Judicious application of onions, garlic, nutmeg and fresh tomatoes improved the look considerable and sandwiched between layers of courgette and aubergine before being smothered in a creamy cheesy sauce it looked quite good. What the lamb mix tasted like I do not know. Being unable to taste it I seasoned as I thought reasonable and used two freelance tasters to advise. Beautiful one commented and very good the other. The custard I could taste and that was pretty good.

Then just half an hour before lunch things changed. I suddenly discvered that I was the Supervisor for lunch. BAsically this entails advising the other duty people that they are duty people and ensuring that the tables are relayed at the end of lunch. It also entails making sufficient soft whipped cream for 40+ by hand. 2 pints of the bovine world's finest and a dislocated wrist later the accompaniment to dessert was complete, not that I got any dessert as we had other things to do.

At 1:30 we were paraded out into the garden for the school photo. It is of course many years since I was at school, indeed Mr Gainsborough came and painted the school picture with us holding a pose for some three days- well he had 800 to draw. This was simpler, involving only arrangement by altitude and a digital camera but it started me thinking.

 My only experience of school photos is that which my grandaughter gives a s a hristmas present to her grandparents. This is usually accompanied by a DVD with a title like "My Skateboard Safari" in which, an obviously green-screened, six year old slides easily across the savannah, mountains and desert waving unconvincingly at later to be added flora and fauna. This adds around £20 to mum and dad's shopping list and thanks to pester power is a major seller.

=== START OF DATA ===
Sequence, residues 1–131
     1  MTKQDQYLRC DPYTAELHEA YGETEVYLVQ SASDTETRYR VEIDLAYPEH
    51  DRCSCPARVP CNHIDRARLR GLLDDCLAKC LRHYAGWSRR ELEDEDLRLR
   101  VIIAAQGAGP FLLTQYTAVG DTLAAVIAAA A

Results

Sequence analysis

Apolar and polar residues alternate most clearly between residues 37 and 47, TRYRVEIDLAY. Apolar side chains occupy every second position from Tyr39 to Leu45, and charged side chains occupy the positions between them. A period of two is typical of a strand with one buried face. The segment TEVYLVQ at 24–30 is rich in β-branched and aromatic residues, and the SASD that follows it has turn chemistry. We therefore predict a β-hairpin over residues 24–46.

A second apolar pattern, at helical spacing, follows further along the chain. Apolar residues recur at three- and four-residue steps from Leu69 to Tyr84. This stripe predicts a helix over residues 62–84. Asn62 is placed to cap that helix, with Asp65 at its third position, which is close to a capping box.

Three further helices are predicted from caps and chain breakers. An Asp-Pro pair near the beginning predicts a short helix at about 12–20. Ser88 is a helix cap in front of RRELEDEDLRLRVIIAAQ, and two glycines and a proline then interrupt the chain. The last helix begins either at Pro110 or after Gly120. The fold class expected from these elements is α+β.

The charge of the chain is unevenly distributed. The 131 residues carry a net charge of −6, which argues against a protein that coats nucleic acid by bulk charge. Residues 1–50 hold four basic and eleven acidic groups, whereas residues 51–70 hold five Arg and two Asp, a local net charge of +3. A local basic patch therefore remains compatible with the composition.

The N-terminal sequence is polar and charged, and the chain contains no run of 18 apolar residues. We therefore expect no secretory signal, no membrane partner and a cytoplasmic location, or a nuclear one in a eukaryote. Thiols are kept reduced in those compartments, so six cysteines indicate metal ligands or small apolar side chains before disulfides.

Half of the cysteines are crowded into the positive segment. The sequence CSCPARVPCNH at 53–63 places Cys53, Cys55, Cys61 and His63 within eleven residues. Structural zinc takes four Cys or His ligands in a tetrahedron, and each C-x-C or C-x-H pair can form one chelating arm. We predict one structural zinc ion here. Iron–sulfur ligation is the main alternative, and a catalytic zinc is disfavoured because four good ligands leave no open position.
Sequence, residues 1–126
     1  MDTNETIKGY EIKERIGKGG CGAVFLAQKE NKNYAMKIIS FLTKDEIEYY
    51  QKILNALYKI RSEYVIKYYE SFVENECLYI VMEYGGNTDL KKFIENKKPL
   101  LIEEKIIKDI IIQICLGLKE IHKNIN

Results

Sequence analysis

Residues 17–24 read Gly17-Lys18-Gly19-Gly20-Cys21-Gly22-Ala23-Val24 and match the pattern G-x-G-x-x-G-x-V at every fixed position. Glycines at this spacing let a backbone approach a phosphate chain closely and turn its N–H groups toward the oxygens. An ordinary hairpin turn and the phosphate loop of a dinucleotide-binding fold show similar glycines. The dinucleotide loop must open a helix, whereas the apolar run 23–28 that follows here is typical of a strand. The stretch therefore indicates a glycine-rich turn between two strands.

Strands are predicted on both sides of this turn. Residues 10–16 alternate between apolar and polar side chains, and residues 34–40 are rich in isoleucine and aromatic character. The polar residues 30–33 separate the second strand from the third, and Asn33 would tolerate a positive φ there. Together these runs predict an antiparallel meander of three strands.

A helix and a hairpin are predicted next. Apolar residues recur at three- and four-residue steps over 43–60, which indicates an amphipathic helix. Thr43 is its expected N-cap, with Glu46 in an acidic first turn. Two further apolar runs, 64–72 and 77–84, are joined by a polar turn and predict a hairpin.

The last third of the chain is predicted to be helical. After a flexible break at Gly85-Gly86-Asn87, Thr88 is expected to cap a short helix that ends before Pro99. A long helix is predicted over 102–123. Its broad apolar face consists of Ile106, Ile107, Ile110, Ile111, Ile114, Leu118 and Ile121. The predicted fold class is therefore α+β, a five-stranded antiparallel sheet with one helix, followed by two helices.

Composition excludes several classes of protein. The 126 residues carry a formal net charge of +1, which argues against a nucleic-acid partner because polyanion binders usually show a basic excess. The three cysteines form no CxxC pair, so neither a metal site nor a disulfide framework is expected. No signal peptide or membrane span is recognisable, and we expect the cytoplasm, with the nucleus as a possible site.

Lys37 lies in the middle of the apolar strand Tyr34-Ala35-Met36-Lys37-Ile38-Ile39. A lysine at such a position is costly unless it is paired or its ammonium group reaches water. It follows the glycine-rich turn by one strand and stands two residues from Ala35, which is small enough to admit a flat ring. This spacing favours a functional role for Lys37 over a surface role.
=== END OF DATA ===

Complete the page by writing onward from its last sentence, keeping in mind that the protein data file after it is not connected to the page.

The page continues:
I scoured the plan for the rest f the week but could see no obvious slot for a camera crew to catch us unawares and later produce "My first Michelin Star" though now that the idea is in the public domain it may happen.

The afternoon demo was largely mexican though we also learned to convert apples to jelly and the art of sorbet making. This latter demo producing question of the day; "How does the machine know whether it is making ice cream or sorbet?"

Mercifully the demo ended shortly after and we escaped to get our heating fixed, do some shopping and have a drink in a four star hotel.

Tomorrow lectures starting with wine and a promise of six to taste between 9 and 1. Blogging may be a little slurr if indeed possible.

Monday, 4 October 2010

Pure Prawnography

Wait for it, Wait for it.

Monday morning at Ballymaloe started like many others so far, yet today there was something different. At 8am there was the usual air of anticipation and a hint of adrenaline (Adrenaline incidentally is brown) but also something else. A very faint whiff of normality. Though all would change partners and many would vary their kitchen as well a slight outbreak of normality hung over the school. This was our third week and we were beginning to settle in.

The mad dash to the kitchens and weigh up areas had less desperation, it was a casual stroll, people spoke to each other comparing weekend experiences rather than competing blindly. Hell, if we had a water cooler we might have gathered around it.

Signed in and, therefore officially there we collected ingredients for the morning, checked recipes and just prepared. The morning pep talk by the teacher was listened to and acted upon, people shared information like where the carrots could be found and small talk broke out at the stations. We were on our way to being chefs not just highly competitive cookery students.

The evil beast that goes by the name of sheep featured heavily on the menu today though for allergenic reasons my own contribution to the forthcoming feast was limited to Mint Sauce, a retro starter salad with home made salad cream, dessert and a vegetable accompaniment. In our new, more professional environment we all finished on or around time and the kitchen seemed cleaner than ever before.